Every generation in every country has its moment, the point at which the anguish, brutality or challenge of life comes down from the heavens and causes us to question our reality. For the generation preceding mine, it was the Vietnam War. For many of my American peers, it was watching the Challenger explosion in 1986. For my students, it was the terrorist attacks of 11 September 2001.
But for me, living as I was at that time in India, it was the assassination of Prime Minister Rajiv Gandhi in 1991 by a suicide bomber. My innocence was shattered that day, just as it was for millions of young people in India who watched a gregarious, confident politician get blown to pieces with a bomb placed in a traditional flower garland.
I have a recollection of another memory from that time, as well: an image of a man standing in front of a caravan of tanks. The date was 4 June 1989 and the place was Tiananmen Square in Beijing, China. I could not comprehend at that time — and not even till recently — how great his sacrifice was and what he stood for. But just as Chicago poet Carl Sandburg described his city as that of broad shoulders, so too were the shoulders epically broad of that young man as an entire country rested on them.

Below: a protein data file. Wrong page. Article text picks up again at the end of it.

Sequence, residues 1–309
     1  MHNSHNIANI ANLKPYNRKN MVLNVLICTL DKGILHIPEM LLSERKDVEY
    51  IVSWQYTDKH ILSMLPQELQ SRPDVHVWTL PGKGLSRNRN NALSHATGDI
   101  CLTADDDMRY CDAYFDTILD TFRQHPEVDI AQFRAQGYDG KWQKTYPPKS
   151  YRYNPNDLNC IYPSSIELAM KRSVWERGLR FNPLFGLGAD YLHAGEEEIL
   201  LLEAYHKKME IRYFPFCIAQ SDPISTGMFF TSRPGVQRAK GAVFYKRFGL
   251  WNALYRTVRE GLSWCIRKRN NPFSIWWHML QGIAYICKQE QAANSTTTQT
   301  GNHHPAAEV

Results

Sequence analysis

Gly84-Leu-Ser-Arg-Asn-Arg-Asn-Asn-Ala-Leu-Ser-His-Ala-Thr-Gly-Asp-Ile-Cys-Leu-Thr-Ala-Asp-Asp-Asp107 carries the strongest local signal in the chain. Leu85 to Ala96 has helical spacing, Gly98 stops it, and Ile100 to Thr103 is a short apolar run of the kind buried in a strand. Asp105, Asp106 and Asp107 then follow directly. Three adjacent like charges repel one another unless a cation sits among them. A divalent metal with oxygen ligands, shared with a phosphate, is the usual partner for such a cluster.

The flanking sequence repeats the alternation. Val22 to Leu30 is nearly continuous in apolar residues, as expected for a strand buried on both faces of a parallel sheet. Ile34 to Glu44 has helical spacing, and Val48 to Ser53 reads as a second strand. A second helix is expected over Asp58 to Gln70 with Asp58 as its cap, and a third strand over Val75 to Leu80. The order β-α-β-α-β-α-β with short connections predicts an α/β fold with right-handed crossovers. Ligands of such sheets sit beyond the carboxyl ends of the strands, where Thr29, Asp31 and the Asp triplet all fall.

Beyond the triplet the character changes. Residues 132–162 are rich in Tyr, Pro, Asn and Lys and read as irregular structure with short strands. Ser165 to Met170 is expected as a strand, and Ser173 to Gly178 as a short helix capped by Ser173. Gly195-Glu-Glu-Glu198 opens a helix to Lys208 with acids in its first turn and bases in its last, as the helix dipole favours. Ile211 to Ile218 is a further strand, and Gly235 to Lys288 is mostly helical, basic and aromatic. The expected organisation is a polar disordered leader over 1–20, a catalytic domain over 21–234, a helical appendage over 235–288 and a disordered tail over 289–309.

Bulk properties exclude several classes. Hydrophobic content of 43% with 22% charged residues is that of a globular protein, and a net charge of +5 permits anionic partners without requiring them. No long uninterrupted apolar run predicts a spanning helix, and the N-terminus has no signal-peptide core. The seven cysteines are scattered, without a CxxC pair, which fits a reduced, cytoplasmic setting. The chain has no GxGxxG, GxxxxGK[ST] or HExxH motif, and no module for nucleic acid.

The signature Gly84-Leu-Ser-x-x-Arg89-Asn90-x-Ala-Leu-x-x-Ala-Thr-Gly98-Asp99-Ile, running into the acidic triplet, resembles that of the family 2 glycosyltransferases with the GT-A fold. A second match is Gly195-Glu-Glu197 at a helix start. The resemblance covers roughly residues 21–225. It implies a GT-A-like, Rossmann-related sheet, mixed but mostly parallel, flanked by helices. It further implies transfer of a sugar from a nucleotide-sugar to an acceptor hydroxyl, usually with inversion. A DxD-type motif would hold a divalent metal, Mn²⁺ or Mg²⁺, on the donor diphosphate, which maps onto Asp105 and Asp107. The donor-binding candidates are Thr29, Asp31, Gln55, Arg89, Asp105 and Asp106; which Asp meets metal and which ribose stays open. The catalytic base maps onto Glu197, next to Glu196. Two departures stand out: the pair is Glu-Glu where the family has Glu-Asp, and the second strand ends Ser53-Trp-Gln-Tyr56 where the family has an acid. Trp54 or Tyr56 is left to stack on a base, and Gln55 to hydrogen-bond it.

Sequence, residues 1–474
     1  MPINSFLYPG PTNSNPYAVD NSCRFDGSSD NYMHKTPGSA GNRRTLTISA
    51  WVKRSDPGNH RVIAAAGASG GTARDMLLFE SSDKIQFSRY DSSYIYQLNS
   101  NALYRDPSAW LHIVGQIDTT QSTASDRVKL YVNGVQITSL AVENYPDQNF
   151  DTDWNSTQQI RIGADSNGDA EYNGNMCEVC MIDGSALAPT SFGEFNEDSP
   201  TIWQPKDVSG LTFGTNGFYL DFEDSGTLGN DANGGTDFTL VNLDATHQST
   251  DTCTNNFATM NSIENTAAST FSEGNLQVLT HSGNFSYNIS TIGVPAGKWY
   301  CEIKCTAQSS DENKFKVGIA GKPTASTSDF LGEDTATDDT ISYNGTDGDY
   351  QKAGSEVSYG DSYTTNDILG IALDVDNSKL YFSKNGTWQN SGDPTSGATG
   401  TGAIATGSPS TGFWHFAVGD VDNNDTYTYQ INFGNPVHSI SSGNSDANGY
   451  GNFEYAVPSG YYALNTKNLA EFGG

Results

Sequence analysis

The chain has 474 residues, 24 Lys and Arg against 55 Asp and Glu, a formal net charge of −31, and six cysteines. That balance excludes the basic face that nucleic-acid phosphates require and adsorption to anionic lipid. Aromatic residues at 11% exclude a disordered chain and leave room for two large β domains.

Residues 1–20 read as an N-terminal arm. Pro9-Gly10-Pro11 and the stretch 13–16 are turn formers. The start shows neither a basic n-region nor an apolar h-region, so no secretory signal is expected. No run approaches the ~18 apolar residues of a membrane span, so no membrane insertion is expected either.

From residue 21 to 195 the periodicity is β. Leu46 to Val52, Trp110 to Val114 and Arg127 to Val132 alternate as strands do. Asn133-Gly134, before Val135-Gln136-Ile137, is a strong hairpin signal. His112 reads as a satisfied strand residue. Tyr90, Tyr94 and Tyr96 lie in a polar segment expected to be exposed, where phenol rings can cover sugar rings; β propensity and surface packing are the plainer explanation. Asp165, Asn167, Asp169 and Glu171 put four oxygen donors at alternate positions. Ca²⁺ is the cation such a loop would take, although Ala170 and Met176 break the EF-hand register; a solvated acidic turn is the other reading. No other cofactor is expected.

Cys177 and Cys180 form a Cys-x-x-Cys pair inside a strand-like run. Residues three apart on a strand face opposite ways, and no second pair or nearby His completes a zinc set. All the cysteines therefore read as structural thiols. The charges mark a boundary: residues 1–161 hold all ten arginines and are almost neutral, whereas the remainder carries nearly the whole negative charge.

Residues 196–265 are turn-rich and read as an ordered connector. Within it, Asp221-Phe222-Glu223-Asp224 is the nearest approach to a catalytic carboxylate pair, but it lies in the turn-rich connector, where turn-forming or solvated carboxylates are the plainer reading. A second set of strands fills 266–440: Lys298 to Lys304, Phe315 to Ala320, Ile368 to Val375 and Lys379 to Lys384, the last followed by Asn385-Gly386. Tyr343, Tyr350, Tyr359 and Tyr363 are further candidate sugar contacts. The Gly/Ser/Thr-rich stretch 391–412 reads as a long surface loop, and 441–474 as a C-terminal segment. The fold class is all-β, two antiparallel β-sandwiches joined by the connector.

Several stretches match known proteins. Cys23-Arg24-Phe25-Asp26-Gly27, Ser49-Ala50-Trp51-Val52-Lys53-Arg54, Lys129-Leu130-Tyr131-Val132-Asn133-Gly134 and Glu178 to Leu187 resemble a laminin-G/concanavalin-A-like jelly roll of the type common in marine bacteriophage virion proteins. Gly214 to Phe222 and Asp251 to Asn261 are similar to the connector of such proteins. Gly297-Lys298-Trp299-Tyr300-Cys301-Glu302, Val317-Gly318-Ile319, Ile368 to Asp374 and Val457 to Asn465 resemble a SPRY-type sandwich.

The event that became known as the Tiananmen Square Riot was China’s moment for an entire generation. It was just one event on one day in a several decades-long, people’s struggle against a totalitarian regime. The location was no coincidence because the Square had a towering significance in the hearts of the Chinese. As writer Ma Jian has said, “Tiananmen Square was the heart of our nation, a vast open space where millions of tiny cells could gather together and forget themselves and, more important, forget the thick, oppressive walls that enclosed them.”
It is fitting then that the Chinese people would be gifted the latest novel by Jian, titled Beijing Coma, because it is a staggering, epic encomium to the symbolism of Tiananmen Square and to his generation’s struggles to have their voices heard. Only a master storyteller could have channeled the hopes and dreams of China’s oppressed into a readable, 700-page novel. But, what makes this book so compelling is Jian’s technique, heavy on flashback, as he moves between the current life of his protagonist, Dai Wei, who is coming out of a coma, and then his memories, as they move towards the day, the moment, when Wei’s life changed forever, when he is shot during the riot.
The brutality of the Chinese government’s war against its own people is described in detail and at times, Beijing Coma reads like Alexander Solzhenitsyn’s Gulag Archipelago, Rohinton Mistry’s A Fine Balance, and Khaled Hosseini’s A Thousand Splendid Suns. We read about prisoners in labor camps who, faced with starvation, resort to cannibalism, eating maggots, and picking out undigested food from feces. Jian mentions the government’s one-child policy and the punishments for women who had more than one child — emergency Caesarean section, sometimes without anesthesia, and the fetus drowned or injected with alcohol in front of the mother’s eyes. In one of the most chilling examples of state-sponsored terrorism, Dai Wei is informed that his paternal grandfather was branded a traitor of the government and he was punished by being buried alive — by his own son.